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The holidays are usually a time for joy and relaxation, but when you run a warehouse, they are both exhilarating and exhausting. To prepare for the sudden increase in order volume and the urgency of shipping orders on time, There are things you can do now to prepare your warehouse for the influx of order traffic.
2021 is set to be a record year for online orders during the Holidays. The Washington Post even noted that “the pandemic is haunting the global supply chain and, by extension, shoppers.” To set yourself and your business up for success for what is likely a non-predictable season, consider some of these actionable steps ahead of the rush.
Planning for the Holiday rush means looking into all the areas of your warehouse that might need extra support or extra supplies before the increase in volume surprises your team. Here’s some advice from warehousing experts for how to get ready:
Weeks before the major rush it is very important to schedule equipment and systems checks leading into the busiest times. Nothing is worse than having a forklift, printer, or walkie-talkie go down in the middle of the busiest week of the year. If you plan at least three weeks ahead to check all systems, you will have enough time to have maintenance completed on any printers, forklifts or hard-to-schedule maintenance equipment.
Printers can cause the biggest backup in the warehouse, make sure that the scheduled maintenance is done, and the ink and paper are ready.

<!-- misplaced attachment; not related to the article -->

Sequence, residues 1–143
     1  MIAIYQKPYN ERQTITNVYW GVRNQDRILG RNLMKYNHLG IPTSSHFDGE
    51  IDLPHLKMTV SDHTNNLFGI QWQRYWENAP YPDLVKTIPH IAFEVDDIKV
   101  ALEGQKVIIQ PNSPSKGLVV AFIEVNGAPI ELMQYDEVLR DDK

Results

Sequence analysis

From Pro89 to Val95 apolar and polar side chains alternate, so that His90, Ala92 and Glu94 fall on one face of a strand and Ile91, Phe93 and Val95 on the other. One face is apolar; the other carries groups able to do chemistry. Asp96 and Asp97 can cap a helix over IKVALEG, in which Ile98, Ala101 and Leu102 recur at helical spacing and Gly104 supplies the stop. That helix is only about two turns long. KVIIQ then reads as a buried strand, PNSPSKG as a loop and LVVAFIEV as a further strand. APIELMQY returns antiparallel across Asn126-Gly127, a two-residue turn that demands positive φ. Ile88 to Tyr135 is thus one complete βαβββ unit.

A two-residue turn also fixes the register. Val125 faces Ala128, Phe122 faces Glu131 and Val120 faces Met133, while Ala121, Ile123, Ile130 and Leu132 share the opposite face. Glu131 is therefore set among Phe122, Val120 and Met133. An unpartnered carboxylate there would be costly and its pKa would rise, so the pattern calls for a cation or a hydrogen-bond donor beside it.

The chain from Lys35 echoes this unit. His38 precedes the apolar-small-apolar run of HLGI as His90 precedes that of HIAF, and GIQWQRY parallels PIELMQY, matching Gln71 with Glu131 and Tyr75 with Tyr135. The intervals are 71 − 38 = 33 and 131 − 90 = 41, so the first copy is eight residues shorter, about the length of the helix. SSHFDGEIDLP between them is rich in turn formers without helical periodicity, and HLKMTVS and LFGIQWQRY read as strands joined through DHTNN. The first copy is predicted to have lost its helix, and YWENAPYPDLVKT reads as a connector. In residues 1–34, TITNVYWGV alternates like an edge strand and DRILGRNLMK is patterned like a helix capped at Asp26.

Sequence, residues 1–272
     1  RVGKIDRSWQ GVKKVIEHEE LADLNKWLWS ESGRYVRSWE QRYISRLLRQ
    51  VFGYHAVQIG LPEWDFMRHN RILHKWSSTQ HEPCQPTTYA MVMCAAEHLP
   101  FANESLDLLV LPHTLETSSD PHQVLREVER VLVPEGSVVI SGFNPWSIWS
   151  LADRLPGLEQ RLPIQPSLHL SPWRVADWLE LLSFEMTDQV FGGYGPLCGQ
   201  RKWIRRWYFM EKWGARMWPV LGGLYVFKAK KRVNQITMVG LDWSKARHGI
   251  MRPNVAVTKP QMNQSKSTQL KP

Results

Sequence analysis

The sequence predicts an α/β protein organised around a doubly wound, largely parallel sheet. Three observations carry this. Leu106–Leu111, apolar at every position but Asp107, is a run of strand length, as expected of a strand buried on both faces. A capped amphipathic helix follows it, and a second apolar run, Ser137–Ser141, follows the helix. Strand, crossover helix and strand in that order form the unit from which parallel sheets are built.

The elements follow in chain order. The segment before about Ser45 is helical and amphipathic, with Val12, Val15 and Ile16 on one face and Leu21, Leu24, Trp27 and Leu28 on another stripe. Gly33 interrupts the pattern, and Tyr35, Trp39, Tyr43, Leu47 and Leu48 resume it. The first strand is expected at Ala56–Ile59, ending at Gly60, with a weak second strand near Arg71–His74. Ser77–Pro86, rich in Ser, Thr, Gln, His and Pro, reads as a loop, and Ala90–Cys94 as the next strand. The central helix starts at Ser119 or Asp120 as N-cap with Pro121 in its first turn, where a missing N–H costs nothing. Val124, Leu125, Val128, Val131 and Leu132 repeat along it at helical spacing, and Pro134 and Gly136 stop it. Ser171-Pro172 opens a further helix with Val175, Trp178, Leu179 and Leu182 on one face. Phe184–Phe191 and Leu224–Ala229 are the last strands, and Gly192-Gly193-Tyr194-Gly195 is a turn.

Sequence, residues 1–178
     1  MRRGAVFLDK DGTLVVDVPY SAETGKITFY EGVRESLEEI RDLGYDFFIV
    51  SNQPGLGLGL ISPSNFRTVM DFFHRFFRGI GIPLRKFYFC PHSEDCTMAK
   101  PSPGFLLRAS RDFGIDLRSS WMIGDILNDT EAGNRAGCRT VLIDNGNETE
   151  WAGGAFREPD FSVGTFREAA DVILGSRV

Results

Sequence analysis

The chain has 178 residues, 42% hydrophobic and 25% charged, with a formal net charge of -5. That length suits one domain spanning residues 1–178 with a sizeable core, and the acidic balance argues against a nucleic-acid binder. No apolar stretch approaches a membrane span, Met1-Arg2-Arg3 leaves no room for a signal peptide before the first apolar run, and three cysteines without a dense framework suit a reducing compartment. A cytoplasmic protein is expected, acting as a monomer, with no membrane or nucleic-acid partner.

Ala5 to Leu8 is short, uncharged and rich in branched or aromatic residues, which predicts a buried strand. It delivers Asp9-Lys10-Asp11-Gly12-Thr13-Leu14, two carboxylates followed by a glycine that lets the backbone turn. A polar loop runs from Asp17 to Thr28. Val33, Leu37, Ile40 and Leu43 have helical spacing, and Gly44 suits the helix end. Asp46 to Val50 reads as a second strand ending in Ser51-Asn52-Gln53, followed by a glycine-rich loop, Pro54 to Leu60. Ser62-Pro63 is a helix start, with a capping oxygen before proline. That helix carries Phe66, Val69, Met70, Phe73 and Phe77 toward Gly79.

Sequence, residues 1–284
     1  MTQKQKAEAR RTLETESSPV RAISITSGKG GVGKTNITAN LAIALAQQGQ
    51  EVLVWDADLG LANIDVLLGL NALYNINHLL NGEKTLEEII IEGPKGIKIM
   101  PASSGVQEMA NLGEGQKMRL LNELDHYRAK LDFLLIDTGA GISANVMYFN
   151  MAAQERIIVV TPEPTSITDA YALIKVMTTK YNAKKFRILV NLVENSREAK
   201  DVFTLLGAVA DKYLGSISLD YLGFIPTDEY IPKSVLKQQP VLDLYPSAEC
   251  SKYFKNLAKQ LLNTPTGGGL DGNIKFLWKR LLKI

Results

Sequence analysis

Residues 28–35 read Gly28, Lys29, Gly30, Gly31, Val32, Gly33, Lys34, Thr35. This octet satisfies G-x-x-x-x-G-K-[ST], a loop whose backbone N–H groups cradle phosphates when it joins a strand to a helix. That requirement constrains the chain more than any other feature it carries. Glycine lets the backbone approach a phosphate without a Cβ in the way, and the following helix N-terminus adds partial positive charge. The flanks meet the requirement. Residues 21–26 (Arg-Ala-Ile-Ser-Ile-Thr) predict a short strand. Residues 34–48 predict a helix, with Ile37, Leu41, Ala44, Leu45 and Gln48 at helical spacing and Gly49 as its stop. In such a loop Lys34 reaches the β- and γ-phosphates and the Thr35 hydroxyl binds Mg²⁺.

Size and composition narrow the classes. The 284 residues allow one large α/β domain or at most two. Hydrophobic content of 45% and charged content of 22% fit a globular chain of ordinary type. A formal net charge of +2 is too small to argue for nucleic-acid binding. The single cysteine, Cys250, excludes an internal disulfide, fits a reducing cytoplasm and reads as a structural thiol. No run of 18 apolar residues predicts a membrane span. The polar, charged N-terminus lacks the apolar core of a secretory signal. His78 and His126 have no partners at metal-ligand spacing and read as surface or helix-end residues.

If there are multiple partial pallets taking up space in the warehouse, (especially in prime locations) combining partial skids will free up space and create more flexibility. High moving SKUs may have a pallet for replenishment that can now be moved to a more productive and efficient location that may have previously been occupied by a partial pallet.
This also serves to conserve the number of locations that pickers and the WMS need to identify to fulfill orders.
Assuming that every year will be busier than the last is safe practice. So, analyze the staffing you needed last year, and consider that you may need more. Plan to hire seasonal workers if needed. If the demand spikes, look into staffing agencies for temporary workers; these workers are trainable and easy to dismiss if the demand turns out to be less than you were planning for.Pro Tip: Make sure you have comprehensive easy-to-access and easy-to-digest training resources available for any seasonal or new hires that come on during this time.
Reorganizing your items or location addresses can really change the number of steps that your warehouse picker is taking. The goal is to get your pickers to take the least amount of steps possible. There are several ways to achieve that:
Package volume may be much larger than usual. For warehouses that have daily pickups with carriers (UPS/FedEx/etc), it would be wise to contact the account representatives for these carriers and discuss options for handling the increased package volume. Possibly schedule multiple package pickups per day.
Another option is to see if your carriers would be willing to drop off a trailer at your dock and once it is full, you can have the carrier pick up the full trailer and drop another empty one if necessary.
Note: USPS is generally not as responsive to customer queries as UPS or FedEx, so try to communicate with the carrier in advance if you know that you will have increased volume for USPS to work something out.
For special items that require unique permits and certificates (alcohol, hazmat, etc.), plan ahead and make sure that all the necessary paperwork is ready.
Often during busy seasons, warehouses will utilize seasonal workers to meet staffing needs. These employees may not be familiar with the warehouse's processes or workflow. To minimize confusion and help maintain productivity, all responsibilities associated with their role needs to be clearly explained.
Another tip is to schedule out 30 or 60 minutes with the seasonal employees for a Q&A session to ensure everyone is on the same page and has clear directives.
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